I can’t avoid sharing one quote from that article (and, remember, these words are a defense of traditional publishing):

“High mastery is expected of symphony musicians, ballerinas, Olympic athletes, brain surgeons and more. Why not novelists too?”

So, if you don’t submit to the demands of traditional publishers, you can never achieve mastery?!?

‘Nuf said

Two Caveats: Nothing I’ve said should be taken to diminish the talent and artistry of those authors who have used or will use traditional publishing. And, there’s quite a bit of dreck being self-published.

Still, I feel all writers would be better served by self-publishing

For those of you who haven’t yet explored the vast realm of possibilities being offered today’s writers, check out the 96 posts I’ve written about self-publishing.

If you take that last link, you’ll see this post at the top, since I’ve tagged it with “self-publishing”. Also, when you get to the bottom of a page of posts, you’ll find a small link that says, “Older posts”.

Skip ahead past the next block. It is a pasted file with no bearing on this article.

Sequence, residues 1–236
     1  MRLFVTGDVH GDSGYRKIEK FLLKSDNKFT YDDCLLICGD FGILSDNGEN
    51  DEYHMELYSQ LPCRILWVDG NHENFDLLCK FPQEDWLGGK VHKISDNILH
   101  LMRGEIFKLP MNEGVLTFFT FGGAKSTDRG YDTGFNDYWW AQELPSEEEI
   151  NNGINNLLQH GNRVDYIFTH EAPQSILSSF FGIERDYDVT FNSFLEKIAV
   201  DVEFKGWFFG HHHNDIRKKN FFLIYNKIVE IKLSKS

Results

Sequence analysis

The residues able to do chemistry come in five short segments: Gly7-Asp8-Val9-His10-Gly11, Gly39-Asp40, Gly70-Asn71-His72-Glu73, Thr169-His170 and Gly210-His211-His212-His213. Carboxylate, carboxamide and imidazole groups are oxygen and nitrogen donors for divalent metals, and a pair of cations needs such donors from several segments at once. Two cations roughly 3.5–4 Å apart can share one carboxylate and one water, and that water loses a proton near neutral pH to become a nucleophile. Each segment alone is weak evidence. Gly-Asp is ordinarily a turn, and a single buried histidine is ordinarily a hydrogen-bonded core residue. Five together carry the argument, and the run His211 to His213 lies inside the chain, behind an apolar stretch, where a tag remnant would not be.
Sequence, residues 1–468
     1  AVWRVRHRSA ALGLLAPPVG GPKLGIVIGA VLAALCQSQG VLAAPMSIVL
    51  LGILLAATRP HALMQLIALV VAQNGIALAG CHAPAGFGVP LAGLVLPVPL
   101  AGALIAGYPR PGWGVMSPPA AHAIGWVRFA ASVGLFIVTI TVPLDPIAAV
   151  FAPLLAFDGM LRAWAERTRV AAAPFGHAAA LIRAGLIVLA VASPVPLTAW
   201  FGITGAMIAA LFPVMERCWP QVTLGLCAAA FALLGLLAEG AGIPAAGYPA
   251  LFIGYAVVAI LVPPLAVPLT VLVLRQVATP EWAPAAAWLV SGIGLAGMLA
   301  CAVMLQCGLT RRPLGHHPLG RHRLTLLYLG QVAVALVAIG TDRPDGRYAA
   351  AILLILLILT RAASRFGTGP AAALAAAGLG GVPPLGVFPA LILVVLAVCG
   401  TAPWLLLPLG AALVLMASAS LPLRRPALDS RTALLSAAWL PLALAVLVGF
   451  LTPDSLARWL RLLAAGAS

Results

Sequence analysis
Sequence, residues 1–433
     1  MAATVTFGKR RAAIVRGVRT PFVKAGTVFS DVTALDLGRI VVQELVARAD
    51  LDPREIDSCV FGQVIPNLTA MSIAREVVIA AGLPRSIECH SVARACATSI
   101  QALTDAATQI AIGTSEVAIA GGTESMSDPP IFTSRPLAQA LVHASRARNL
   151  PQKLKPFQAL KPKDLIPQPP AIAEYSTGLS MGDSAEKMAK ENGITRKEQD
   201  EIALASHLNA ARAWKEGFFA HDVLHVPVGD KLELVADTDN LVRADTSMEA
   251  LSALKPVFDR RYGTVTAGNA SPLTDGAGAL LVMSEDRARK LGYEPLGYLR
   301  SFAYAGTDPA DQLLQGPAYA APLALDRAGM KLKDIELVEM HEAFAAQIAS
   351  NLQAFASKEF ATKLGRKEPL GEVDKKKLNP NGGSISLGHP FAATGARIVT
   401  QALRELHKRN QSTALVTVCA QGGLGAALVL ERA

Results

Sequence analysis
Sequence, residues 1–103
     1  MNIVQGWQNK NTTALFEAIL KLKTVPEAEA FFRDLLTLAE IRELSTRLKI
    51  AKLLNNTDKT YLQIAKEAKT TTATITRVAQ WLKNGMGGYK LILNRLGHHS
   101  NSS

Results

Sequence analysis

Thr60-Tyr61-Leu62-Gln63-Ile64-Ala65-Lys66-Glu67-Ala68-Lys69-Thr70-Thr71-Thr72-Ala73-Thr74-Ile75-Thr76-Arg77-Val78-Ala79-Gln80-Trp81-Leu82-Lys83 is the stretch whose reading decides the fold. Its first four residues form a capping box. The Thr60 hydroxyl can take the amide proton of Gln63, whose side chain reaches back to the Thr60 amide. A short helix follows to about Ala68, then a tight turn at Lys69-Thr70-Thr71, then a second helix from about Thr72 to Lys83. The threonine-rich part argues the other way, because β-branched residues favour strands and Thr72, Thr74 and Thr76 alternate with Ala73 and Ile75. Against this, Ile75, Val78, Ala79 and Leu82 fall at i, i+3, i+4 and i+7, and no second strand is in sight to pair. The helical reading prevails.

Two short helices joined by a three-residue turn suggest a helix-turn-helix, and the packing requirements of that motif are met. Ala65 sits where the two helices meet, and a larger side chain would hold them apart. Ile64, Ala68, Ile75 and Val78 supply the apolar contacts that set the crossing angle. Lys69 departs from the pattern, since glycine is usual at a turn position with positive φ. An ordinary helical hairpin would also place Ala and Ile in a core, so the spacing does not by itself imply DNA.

I’d Love to hear a few comments on my “Mild Rant” :-)
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Writers Want To Be Reviewed & Read ~ More on Book Promotion


I’ve said it often here—I’m a maverick.

I will  take advice but only if it sticks on My Walls :-)

A friend once defined Book Promotion as everything that helps a writer get comfortable with their Own Way of Living Their Writing Life.

This fits well with my oft stated “maxim” that Book Promotion is Relationship Building

I’m definitely finding my own way through the fast-changing jungle of Publishing/Promotion, with a novel released last year and two more books in the series to be written.